Yadda yadda yadda… soft, plummy… blah blah blah. Boring Merlot. Must be boring because I used to like it when I knew less about wine. Plus, I saw that god-awful film Sideways – I’ll never get those two hours and seven minutes back of course, but the one message I do remember taking from that film is ‘Merlot bad, Pinot Noir good’.
Still, way back in the deepest recesses of my drink-addled memory, I do remember Merlot being thought of in more flattering terms. In fact, I’m sure when I was doing all my WSET stuff it was referred to as one of the ‘Four Noble Grape Varieties’. Must have been a typo – they must have meant Malbec. Yeah, that’ll be it – Cabernet Sauvignon, Malbec, Riesling and Chardonnay. (Come to think of it, those other three aren’t looking so hot right now, but that’s another blog…)
But wait, there’s that nagging feeling again…
There must be more to Merlot – some of the most expensive wines in the world are made exclusively from Merlot! Of course, many of these are not meant to be supped by mere mortals like you and I, but rather locked in vaults, to be picked up and observed by their hideously wealthy ‘curators’ from time to time – nevertheless, they must surely have something about them?
And there must be more half-decent Merlot out there?
Anyway, all this had been at the back of my mind, and then one night last week I had a dream. It must have been a dream because there I was with all my esteemed colleagues in the tasting room, and all of us were getting excited about a pair of Merlot wines. Moreover, these wines both hailed from Piemonte in Italy, not necessarily somewhere you might associate with the variety. It must have been all the cheese I ate the night before, but it was so realistic!
Then imagine my surprise when a few days later my colleagues and I were all (yes!) in the tasting room and all (yes! yes!) marvelling at those same Merlot wines! This time I was wearing trousers, but in all other respects the scene played out in exactly the same way. Strange times…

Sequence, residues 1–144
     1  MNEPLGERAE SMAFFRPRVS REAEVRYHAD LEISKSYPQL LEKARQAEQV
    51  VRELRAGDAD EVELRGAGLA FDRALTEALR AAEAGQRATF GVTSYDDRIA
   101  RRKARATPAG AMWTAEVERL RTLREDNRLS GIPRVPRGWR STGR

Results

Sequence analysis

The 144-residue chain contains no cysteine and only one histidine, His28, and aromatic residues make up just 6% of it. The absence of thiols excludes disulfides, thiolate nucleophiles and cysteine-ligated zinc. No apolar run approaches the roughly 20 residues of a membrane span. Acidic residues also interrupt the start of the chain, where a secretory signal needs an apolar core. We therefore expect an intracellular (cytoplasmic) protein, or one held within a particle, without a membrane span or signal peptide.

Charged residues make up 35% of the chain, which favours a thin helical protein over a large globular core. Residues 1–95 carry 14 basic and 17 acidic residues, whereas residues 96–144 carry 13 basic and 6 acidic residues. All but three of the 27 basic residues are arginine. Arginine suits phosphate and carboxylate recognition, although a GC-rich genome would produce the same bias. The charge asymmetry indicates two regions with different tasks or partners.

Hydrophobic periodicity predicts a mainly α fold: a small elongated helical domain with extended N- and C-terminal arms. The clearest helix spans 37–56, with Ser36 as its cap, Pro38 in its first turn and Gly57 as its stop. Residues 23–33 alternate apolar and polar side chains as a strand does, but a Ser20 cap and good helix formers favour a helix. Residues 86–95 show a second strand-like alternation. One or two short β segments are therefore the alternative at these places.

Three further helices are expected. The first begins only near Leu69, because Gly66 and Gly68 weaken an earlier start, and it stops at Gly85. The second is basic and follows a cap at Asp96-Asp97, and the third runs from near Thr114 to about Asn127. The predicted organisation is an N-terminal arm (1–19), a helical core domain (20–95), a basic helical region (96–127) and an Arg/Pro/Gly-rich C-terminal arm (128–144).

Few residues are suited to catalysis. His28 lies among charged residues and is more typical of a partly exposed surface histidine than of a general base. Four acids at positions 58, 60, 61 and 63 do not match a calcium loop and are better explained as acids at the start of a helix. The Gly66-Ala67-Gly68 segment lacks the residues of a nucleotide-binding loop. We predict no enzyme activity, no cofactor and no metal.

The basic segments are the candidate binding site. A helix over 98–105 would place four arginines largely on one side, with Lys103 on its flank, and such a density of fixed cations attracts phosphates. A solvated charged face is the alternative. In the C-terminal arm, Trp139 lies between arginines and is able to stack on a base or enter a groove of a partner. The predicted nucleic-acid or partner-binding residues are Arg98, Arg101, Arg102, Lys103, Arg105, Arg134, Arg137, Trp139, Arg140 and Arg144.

So I’d better tell you what they were then!
Tenuta Il Cascinone ‘Soliti’ Merlot, Piemonte 2016
I’ve been raving about this to anyone who’ll listen (and many who won’t) since I first tasted the 2016 vintage. This is exclusively produced from a tiny plot on Araldica’s Cascinone Estate, and responsibility for the winemaking here has recently passed to Carlo Manera. His influence certainly appears to be positive as this is by far the best Soliti I have tasted for some time. Very supple and with a lick of barrel oak that adds structure and complexity rather than any obvious ‘oaky’ flavour. At 14.5%, the alcohol is quite high but it wears it very well and feels like a perfectly balanced wine. I hate the word smooth in tasting notes, but this is like George Clooney after a fine sanding. Offering ridiculously good value, this is currently the House Wine at… my house.
Marchesi di Grésy Monferrato Rosso 2011
Forget the word Rosso, this is 100% Merlot from di Grésy’s Monte Colombo estate in the Monferrato hills. Unsurprisingly given the age of the wine, this new release is a very different style to the Soliti, and easily the best vintage I’ve tasted since the wonderful 2006. There is no shortage of succulent damson fruit, rich complexity and perfectly poised acidity. This is a very ‘classic’ style Merlot and would more than hold its own with some (far more expensive) right bank claret. If Soliti is an everyday Merlot, this is a weekend treat – yet at twice the price of the former, this manages to offer equally good value for money.
Circumstance Merlot 2013/15
St Emilion with guts… and legs. South facing plots ensure these grapes aren’t baked in the Stellenbosch sun – the climate together with Nadia Barnard’s influence at the winemaking helm ensures that Waterkloof’s production continues to go from strength to strength. 35 days on skins with manual pigeage twice a day ensures this wine is anything but shy. No fining and only the lightest of filtration makes sure that the generous bramble fruit and spicy finish remains untamed.